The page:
Actresses, Favorite of the Month - October 2017

Ava Gardner vamps it up in film noir “The Killers” (1946)

Ava Gardner stars in her big film break, The Killers. The film is a 1946 film noir directed by Robert Siodmak and based in part on the 1927 short story of the same name by Ernest Hemingway.

Click on the TABS below to read my FULL REVIEW! 



It stars Burt Lancaster in his film debut, Ava Gardner, Edmond O’Brien, and Sam Levene. The film also features William Conrad in his first credited role, as one of the titular killers.  A uncredited John Huston and Richard Brooks co-wrote the screenplay, which was credited to Anthony Veiller.

The first 20 minutes of the film, showing the arrival of the two contract killers, and the murder of “Swede” Andreson, is a close adaptation of Hemingway’s short story. The rest of the film, showing Reardon’s investigation of the murder, is wholly original. According to Hemingway‘s biographer, Carlos Baker, The Killers “was the first film from any of his works that Ernest could genuinely admire.

Producer Mark Hellinger paid $36,750 for the screen rights to Hemingway’s story, his first independent production. The screenplay was written by John Huston (uncredited because of his contract with Warner Bros.) and Richard Brooks.

Lancaster was not his first pick for the part of “the Swede”, but Warner Brothers wouldn’t lend out actor Wayne Morris for the film. Other actors considered for the part include Van Heflin, Jon Hall, Sonny Tufts, and Edmond O’Brien who was instead cast in the role of the insurance investigator. In the role of the femme fatale, Kitty Collins, Hellinger cast Gardner, who had up to then appeared virtually unnoticed in a string of minor films.

The sequence of opening chords of Miklós Rózsa‘s theme music was later reused for the Dragnet television series.

The Killers is used as an example of film noir cinematography in the documentary Visions of Light (1992).

The film’s appeal derives from breaking the traditional narrative structure by using a number of flashbacks.

When the film was first released, Bosley Crowther gave it a positive review and lauded the acting. He wrote, “With Robert Siodmak‘s restrained direction, a new actor,Burt Lancaster, gives a lanky and wistful imitation of a nice guy who’s wooed to his ruin. And Ava Gardner is sultry and sardonic as the lady who crosses him up. Edmond O’Brien plays the shrewd investigator in the usual and clipped detective style, Sam Levene is very good as a policeman and Albert Dekker makes a thoroughly nasty thug. … The tempo is slow and metronomic, which makes for less excitement than suspense.”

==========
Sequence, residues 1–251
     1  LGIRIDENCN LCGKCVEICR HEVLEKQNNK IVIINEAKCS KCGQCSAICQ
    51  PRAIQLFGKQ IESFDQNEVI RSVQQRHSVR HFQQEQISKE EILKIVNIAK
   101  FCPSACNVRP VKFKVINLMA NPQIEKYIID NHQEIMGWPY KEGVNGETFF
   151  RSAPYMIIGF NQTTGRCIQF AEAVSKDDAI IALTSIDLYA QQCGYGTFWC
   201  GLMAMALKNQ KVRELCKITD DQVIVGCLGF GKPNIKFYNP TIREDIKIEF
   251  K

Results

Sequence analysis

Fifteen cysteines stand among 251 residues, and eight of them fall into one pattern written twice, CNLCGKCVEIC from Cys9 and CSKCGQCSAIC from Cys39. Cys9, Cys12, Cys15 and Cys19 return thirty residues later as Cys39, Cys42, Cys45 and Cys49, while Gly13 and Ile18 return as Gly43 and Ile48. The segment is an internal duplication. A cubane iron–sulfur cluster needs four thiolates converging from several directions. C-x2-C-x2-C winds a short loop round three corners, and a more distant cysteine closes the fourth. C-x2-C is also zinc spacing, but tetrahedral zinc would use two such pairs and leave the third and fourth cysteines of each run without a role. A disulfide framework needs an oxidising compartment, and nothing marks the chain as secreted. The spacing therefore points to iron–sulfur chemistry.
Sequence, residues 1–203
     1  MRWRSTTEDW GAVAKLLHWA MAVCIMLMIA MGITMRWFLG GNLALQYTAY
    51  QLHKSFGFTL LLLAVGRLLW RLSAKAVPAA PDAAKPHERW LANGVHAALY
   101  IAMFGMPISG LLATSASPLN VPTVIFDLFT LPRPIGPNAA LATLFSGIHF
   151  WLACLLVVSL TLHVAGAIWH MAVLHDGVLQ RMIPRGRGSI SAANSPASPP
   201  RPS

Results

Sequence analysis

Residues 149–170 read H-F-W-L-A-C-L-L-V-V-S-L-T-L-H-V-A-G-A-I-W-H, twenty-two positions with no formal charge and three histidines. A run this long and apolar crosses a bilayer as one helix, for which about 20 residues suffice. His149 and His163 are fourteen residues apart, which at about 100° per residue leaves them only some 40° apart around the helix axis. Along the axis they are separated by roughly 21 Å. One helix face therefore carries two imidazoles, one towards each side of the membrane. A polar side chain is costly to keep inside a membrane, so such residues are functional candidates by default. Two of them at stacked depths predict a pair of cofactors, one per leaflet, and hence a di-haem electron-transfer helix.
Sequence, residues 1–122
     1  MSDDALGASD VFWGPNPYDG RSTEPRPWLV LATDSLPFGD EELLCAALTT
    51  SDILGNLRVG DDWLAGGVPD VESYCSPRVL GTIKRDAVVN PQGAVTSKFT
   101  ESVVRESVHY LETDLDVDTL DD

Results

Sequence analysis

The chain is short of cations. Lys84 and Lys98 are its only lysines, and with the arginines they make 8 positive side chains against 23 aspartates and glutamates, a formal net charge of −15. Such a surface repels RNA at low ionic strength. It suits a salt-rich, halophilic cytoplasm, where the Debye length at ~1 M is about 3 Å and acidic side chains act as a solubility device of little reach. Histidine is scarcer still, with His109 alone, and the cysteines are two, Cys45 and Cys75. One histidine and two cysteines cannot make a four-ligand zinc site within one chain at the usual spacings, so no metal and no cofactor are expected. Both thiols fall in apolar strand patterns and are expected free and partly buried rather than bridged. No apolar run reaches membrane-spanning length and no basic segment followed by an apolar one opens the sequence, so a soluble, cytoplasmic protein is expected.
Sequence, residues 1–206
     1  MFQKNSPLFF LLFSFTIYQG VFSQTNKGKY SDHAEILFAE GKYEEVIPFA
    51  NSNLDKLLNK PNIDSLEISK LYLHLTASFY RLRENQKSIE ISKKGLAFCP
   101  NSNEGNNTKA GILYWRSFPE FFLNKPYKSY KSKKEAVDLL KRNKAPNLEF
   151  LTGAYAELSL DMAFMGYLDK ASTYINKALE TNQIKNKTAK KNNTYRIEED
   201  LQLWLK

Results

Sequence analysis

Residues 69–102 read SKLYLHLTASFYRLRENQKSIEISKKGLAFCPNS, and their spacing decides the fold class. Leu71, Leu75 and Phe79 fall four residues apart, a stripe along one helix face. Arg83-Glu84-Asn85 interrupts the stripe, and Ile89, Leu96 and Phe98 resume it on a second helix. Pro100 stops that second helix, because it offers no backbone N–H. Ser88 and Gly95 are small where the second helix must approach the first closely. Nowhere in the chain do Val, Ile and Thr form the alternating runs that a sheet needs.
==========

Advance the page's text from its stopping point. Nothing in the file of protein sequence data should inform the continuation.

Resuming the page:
In a review of the DVD release, Scott Tobias, while critical of the screenplay, described the drama’s noir style, writing,

“Lifted note-for-note from the Hemingway story, the classic opening scene of Siodmak’s film sings with the high tension, sharp dialogue, and grim humor that’s conspicuously absent from the rest of Anthony Veiller’s mediocre screenplay. … A lean block of muscles and little else, Burt Lancaster stars as the hapless victim, an ex-boxer who was unwittingly roped into the criminal underworld and the even more dangerous gaze of Ava Gardner, a memorably sultry and duplicitous femme fatale. … [Siodmak] sustains a fatalistic tone with the atmospheric touches that define noir, favoring stark lighting effects that throw his post-war world into shadow.”

Nominations – Academy Awards


  • Edgar Award: Edgar; from the Mystery Writers of America for Best Motion Picture, Anthony Veiller (writer), Mark Hellinger (producer), and Robert Siodmak (director); 1947.
  • AFI’s 100 Years…100 Thrills – Nominated
  • AFI’s 10 Top 10 – Nominated



Two hitmen, Max and Al (William Conrad and Charles McGraw), come to a small town to kill Pete Lund, known as “The Swede” (Burt Lancaster). The Swede’s coworker at a gas station warns him but, strangely, he makes no attempt to flee, and they kill him in his hotel room. (“The Swede” is soon revealed to be Ole Andreson.)

Life insurance investigator Jim Reardon (Edmond O’Brien) is assigned to find and pay the beneficiary of his policy. Tracking down and interviewing the dead man’s friends and associates, Reardon doggedly pieces together his story. Police Lieutenant Sam Lubinsky (Sam Levene), a close, longtime friend of the Swede, is particularly helpful.

Through flashbacks, it is revealed that the Swede was a professional boxer whose career was cut short by an injury to his right hand. Rejecting Lubinsky’s suggestion to join the police force, the Swede gets mixed up with a bad crowd, including “Big Jim” Colfax (Albert Dekker). He drops his girlfriend Lily (Virginia Christine) for the more glamorous Kitty Collins (Ava Gardner). When Lubinsky catches Kitty wearing stolen jewelry, the Swede “confesses” to the crime and serves three years in prison.